fbpx

5 Things You Should Know About the New Amazon Bookstore (and How This Will Impact Authors)

Photo: KING
Photo: KING

People used to hear the word “Amazon” and think of a rainforest. Then, the word was taken over by some new online bookstore. Boy, how times have changed. Now, the word Amazon is ingrained in our culture as a virtual megastore where you can order anything from food to electronics.

But Amazon continues to morph itself, recently opening its first physical bookstore across the street from the University of Washington.  So what is in this new Amazon bookstore? How can it compete with the online version? And will this change book shopping at all?

Here are five things you need to know…

  1. It’s a lot smaller than the mega-bookstores of the 90s. Expecting the Amazon store to be the next multi-level Barnes and Noble? It’s not. Here’s how Publishers Weekly describes it: “Amazon Books stocks far fewer titles than today’s bigger bookstores. Small and scaled back, Amazon Books is cleanly designed and easy-to-navigate.”
  2. Each book’s Amazon ratings and such are baked in. Actually, it’s not quite that simple. You actually need to download an Amazon app to use this feature (or ask a sales associate for help). But once you do, you can simply scan the custom label on each book to get access to its rating and reviews on the website.
  3. Only books with four stars or more are housed. Yup, you read that correctly. Unless your book has a least four stars on Amazon, it will not be carried in the Amazon store. Now that doesn’t mean the reverse; not ALL books with four stars make it in the store. But with less than four stars, your chance of being carried there is nil.
  4. Store prices are the same as online prices. Amazon proudly boasts that the price of a book in the bookstore is identical to that on the website. To that end, there are no printed prices on anything (the app lets you see that as well). And you can ignore the price on the back of the book cover. Book prices change frequently on Amazon, and the app allows it to simultaneously change in the bookstore as well.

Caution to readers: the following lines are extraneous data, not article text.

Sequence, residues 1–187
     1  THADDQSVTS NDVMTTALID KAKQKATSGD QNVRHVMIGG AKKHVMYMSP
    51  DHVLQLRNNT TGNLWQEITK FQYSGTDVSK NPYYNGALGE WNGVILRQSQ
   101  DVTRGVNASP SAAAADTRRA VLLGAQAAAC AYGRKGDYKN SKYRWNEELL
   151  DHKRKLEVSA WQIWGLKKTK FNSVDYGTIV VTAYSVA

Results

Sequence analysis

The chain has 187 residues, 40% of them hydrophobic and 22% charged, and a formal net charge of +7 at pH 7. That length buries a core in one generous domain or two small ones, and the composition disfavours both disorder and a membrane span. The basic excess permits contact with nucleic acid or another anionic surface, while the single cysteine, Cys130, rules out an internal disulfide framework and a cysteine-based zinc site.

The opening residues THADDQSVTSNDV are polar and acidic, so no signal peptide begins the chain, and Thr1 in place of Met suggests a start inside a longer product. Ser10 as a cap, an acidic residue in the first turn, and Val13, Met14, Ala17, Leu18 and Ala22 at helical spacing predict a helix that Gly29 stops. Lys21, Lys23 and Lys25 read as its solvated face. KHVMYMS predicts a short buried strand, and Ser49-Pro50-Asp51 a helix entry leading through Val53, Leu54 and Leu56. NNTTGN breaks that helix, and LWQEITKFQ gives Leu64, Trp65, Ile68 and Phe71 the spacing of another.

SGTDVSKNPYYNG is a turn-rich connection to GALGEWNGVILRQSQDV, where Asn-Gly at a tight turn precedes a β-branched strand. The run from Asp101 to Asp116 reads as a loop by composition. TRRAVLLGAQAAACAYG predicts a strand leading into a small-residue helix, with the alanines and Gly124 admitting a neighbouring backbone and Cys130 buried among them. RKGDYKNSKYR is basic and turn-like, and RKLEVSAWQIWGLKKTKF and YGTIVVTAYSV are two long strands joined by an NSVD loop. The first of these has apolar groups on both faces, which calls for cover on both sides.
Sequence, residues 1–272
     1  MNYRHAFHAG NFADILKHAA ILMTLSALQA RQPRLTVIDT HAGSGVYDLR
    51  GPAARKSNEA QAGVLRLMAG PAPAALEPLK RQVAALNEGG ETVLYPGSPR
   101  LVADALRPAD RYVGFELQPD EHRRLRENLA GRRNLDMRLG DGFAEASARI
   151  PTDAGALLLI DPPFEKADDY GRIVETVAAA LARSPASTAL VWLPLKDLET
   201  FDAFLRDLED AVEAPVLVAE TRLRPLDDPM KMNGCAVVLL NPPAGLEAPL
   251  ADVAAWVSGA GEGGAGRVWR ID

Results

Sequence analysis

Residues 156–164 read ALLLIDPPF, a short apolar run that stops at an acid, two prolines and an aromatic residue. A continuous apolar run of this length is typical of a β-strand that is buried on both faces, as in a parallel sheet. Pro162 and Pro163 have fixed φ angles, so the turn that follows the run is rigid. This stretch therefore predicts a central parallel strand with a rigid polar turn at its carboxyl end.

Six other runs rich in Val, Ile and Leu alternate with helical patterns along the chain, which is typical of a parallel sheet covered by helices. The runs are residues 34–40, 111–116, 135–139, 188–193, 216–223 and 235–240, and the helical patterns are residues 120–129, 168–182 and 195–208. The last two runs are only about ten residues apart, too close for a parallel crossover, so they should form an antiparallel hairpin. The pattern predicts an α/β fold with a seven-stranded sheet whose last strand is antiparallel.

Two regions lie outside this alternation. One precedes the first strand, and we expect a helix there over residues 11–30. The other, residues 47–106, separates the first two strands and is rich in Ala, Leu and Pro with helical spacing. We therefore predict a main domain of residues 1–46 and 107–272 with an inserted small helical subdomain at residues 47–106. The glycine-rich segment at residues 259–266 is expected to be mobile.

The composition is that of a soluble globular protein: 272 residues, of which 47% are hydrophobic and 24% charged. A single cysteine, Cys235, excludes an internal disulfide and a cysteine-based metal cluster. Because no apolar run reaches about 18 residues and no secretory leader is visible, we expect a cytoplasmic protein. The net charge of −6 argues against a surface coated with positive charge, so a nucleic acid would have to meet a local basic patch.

5. Amazon is, in many ways, sticking to what bookstores do best. Publishers Weekly reports that the store’s book selections are deepest in traditional bookstore strongholds: children’s/YA books, bestsellers and genre fiction. Graphic novels (a genre in which browsing is super-important) also has a respectable section.

So what does all this mean for authors? Well, it’s hard to make a proclamation on that very quickly. But it’s probably safe to say that this is not going to be the only Amazon brick and mortar store. The company isn’t saying much about what their plans for the future will be, but barring a huge failure in this location, there will likely be others popping up in the years to come.

Are they going to completely transform the idea of a bookstore? Will they reinvigorate the idea of physical bookstores? All of that is still to be determined. But we can deduce a few things from this information:

  • Your Amazon ratings and reviews are more important than ever before. If you have less than four stars, you’re not going to make much progress through Amazon marketing channels.
  • Getting a book carried in a bookstore will likely require new and different strategies. But much like a Google search algorithm, it may be a while before we understand the logic behind which books are picked up.
  • The world isn’t going all e-book just yet. There’s still a value to physical books that you can flip through and browse.

What do you think of the new Amazon bookstore? Will it help or hurt authors? Share your thoughts!

Leave a Comment

Your email address will not be published.